Local runners talk about motivation, advice
Running in Baldwin City has increased in popularity during the past several years and everyone has his or her own reason for getting into the sport.
Some took up running in high school or college and have continued staying fit since those younger days. Others may have begun when Bulldog Days was becoming popular during the past few summers, while still others have started using running as a method of escaping the everyday grind of work or simply to stay healthy. Each person has his or her own tale about how they got started.
“It went from competition in college to where I am right now, which is my well-being and health,” said Angie Spielman, Baldwin City resident who ran competitively for the University of Kansas in the 1980s. “It’s the biggest reason I keep running. Also, I enjoy it. I’m kind of a more sporadic runner than most, because I don’t like to get out much during the winter months. The older you get, the harder it is, but you know that you’re doing something good for your body.”
Besides using running as a method of staying healthy, Spielman also uses it as a chance to release some stress. She enjoys her time out on the roads, even if she is all alone.
“It’s a good stress reliever, too,” she said. “It helps you get away from the everyday grind of work. You can go out, run some miles and forget about the day you had or what’s going on in your life.”
Other local residents use running as a method for losing weight or keeping in shape, especially after their time in their desired sport has passed. Since taking up running a few years ago, Kit Harris has learned to love the sport and the freedom that comes with it.
“Sarah (his wife) and I would run off and on together as something fun to do,” Harris said. “I’m too old to wrestle, so this was something I could do as I become an old man. It’s a good way to stay fit. Sometimes Sarah and I get a chance to go out, run and just chat. We don’t always get to do that with the kids around.”
One aspect of running he’s figured out is that time or speed doesn’t matter, even if you run alone or race competitively.
“The great thing about running is it doesn’t matter how fast you are,” Harris said. “You can set whatever goal you want to set, whether it’s a distance or a time. You can be any age and strive for that goal. It’s good for your cardio and to burn some calories. It’s also a fun social thing, too. There are a lot of people in Baldwin that we see at races. So there are a lot of benefits.”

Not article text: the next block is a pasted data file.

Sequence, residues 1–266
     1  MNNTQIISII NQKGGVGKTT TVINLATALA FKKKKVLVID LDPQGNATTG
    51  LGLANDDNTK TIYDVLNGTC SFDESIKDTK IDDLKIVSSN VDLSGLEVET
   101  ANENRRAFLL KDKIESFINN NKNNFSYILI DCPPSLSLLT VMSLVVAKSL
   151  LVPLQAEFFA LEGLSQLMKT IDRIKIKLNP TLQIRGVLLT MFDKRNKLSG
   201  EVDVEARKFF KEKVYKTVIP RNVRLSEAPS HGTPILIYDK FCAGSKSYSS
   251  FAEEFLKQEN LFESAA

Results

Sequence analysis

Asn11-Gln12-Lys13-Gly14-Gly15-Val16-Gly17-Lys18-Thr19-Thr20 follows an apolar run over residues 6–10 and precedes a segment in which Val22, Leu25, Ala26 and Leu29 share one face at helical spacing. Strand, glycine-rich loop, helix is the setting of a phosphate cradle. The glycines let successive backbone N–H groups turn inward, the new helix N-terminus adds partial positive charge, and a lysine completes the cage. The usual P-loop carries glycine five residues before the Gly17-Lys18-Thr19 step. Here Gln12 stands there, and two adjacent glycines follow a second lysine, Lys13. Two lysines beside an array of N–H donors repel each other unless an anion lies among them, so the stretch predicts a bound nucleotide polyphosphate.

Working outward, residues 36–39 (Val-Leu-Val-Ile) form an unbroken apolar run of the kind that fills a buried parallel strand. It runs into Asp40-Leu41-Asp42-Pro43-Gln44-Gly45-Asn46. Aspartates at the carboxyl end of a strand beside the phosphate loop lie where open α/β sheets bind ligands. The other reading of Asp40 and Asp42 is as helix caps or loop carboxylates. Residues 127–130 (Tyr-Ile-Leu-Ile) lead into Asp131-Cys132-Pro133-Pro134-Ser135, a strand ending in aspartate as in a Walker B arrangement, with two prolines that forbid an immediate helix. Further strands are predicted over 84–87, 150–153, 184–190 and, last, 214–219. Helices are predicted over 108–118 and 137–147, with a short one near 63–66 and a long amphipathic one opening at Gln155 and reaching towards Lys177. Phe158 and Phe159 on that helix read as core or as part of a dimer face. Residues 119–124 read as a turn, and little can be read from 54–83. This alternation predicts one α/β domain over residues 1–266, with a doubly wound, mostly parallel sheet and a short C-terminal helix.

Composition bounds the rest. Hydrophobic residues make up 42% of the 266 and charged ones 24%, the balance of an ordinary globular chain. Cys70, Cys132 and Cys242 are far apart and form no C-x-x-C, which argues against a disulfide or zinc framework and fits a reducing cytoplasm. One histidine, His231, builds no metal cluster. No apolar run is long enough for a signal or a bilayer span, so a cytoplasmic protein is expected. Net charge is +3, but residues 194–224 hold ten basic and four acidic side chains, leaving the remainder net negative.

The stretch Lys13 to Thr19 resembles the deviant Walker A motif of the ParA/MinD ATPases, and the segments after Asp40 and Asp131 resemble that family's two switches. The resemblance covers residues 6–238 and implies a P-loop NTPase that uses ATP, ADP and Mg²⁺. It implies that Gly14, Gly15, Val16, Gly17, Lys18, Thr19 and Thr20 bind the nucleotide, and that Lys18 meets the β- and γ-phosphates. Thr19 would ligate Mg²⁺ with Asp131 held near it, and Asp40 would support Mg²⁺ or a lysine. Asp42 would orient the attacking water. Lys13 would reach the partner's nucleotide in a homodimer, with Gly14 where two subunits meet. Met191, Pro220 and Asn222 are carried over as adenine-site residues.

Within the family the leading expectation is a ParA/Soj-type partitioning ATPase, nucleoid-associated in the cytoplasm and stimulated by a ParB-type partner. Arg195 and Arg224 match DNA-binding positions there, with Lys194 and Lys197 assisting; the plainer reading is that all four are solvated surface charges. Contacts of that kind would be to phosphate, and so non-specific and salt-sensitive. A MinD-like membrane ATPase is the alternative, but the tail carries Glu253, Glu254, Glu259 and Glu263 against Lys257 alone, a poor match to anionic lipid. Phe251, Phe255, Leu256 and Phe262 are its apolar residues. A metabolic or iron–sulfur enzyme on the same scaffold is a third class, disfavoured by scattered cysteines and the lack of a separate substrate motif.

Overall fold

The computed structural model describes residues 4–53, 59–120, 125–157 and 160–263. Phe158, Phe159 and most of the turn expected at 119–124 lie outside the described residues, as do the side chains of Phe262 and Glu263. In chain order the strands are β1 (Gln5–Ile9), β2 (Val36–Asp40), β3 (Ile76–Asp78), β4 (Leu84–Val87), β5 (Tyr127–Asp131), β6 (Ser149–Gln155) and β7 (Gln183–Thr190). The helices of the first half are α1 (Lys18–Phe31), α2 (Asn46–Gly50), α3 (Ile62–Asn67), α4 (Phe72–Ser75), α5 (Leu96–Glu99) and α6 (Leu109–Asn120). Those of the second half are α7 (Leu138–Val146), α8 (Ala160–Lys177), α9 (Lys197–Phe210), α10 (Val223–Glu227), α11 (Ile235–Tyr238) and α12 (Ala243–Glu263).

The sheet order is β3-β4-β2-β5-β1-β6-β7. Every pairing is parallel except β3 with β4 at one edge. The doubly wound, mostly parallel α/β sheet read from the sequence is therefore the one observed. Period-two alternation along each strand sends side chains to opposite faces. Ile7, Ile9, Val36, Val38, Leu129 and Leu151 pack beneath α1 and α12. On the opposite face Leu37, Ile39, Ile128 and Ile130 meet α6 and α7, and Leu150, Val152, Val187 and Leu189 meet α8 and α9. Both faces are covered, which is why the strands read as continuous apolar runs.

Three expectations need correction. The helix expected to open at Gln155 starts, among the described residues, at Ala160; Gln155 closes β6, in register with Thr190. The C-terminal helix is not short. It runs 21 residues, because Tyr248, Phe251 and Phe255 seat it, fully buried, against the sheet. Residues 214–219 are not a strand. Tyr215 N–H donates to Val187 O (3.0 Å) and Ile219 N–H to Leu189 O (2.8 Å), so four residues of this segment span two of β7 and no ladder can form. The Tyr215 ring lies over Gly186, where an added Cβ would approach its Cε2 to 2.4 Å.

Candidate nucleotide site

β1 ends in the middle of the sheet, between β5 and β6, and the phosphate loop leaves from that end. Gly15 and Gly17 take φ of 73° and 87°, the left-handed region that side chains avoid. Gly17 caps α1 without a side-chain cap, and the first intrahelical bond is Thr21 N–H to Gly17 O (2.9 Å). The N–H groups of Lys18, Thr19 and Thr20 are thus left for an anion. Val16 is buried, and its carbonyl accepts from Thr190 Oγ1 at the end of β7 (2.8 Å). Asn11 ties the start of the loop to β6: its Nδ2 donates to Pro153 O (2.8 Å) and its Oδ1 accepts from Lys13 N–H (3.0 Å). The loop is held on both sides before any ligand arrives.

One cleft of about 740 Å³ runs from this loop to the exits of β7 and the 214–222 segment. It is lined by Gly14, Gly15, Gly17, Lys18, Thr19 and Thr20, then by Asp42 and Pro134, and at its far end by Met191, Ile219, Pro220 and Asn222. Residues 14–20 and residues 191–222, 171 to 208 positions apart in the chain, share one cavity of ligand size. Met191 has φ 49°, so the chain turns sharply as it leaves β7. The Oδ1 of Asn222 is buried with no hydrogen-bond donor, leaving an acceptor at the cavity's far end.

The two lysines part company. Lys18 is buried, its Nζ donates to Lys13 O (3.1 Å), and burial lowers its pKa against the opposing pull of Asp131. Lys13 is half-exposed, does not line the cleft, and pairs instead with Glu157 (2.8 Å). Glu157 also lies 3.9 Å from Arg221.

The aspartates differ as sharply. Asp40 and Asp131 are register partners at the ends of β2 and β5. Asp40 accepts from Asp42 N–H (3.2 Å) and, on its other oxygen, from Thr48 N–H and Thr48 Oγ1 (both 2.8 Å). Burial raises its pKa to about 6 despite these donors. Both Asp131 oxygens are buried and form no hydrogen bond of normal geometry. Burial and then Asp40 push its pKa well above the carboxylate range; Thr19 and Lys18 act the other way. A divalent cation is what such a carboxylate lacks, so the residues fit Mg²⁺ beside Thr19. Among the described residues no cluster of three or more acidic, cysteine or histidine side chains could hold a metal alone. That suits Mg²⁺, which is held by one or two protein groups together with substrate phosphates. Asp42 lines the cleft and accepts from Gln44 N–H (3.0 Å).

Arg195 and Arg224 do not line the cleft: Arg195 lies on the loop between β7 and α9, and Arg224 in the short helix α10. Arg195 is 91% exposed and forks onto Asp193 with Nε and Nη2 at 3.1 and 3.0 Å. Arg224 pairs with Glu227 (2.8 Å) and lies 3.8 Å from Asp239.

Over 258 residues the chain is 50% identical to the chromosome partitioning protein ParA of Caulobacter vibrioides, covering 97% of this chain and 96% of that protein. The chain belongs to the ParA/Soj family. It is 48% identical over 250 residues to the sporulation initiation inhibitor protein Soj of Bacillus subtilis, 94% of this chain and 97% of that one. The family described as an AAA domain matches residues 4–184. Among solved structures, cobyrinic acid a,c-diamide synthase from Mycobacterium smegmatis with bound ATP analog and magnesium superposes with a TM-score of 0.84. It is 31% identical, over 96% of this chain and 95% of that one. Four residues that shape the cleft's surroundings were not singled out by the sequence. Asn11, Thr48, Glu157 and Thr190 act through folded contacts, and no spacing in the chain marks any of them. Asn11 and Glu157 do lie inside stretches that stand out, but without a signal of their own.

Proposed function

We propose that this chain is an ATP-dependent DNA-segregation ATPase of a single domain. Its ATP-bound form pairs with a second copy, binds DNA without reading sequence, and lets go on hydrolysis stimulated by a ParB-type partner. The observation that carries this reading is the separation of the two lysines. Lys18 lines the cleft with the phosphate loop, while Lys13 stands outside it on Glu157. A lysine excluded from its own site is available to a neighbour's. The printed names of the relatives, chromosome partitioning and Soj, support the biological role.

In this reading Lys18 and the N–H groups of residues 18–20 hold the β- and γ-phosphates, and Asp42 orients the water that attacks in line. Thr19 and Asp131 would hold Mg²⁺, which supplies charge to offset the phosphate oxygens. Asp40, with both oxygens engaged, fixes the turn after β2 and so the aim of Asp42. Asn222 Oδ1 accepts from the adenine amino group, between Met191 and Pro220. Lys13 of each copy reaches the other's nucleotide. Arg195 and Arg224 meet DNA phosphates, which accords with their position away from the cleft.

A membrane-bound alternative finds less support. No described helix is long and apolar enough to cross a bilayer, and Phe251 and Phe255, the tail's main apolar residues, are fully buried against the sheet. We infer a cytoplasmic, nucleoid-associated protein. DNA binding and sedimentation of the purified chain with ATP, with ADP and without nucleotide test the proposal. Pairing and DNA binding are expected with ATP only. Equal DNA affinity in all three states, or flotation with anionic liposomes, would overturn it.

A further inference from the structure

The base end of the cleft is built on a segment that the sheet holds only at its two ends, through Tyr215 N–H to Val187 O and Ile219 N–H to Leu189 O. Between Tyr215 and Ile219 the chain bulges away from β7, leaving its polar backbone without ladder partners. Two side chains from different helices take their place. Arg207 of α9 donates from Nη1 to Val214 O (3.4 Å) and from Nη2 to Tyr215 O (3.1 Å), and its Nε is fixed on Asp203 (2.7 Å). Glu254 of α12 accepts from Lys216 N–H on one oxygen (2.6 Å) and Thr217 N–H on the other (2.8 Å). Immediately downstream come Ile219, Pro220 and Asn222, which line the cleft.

As an experienced runner, Spielman offered many other benefits to running, especially when compared to other sports. Although running is something she’s known for a long time, she said anyone can get started and the benefits are well worth it in the end.
“Also, injuries in running are fairly uncommon compared to other sports like football or basketball,” Spielman said. “The older you get, the harder it gets to play other sports, but you can always run. You can also do it on your own and go out at any time, whatever fits your schedule. Plus, it’s fairly inexpensive. All you need is a pair of running shoes and those can last you for a long time.”
Baldwin City resident Richard Ebel was one who enjoyed running and racing, but wanted a bigger challenge many years ago. Like many veteran runners, he took on the challenge of a marathon.
“I guess it was the challenge of completing one,” Ebel said. “I just wanted to try and complete it. I was road racing all of the time, but I never had great speed. I moved up from a 5K to a 10K to a half marathon. I thought you don’t have to be fast to run a marathon.”
Most runners that have trained for months or years at a time have advice to offer for anyone considering running as a hobby. Spielman and Harris, who come from different ends of the running spectrum, offered their advice to others.
“You have to put the work in and you have to build yourself up to those longer runs,” Spielman said. “You also need to really find what your pace is. If you have a heart monitor, it can really help you in your training. That helps you maintain a speed for a longer distance. You can’t just jump into that pace.”
Harris, who has dealt with several injuries during the last couple of years, gave advice on avoiding possible injuries.
“It doesn’t matter how far or how fast,” Harris said. “You can start wherever and build from there. Then I’d also say listen to your body with aches and pains. Don’t ignore them, because injuries can force you to sit out longer.”
Spielman agreed, saying that your body doesn’t recover as fast as it was once was able to when younger.
“The older you get, the more your body will talk to you,” Spielman said. “You don’t recover as quickly and your body will be sore the next day. When you’re younger, you can recover a lot quicker.”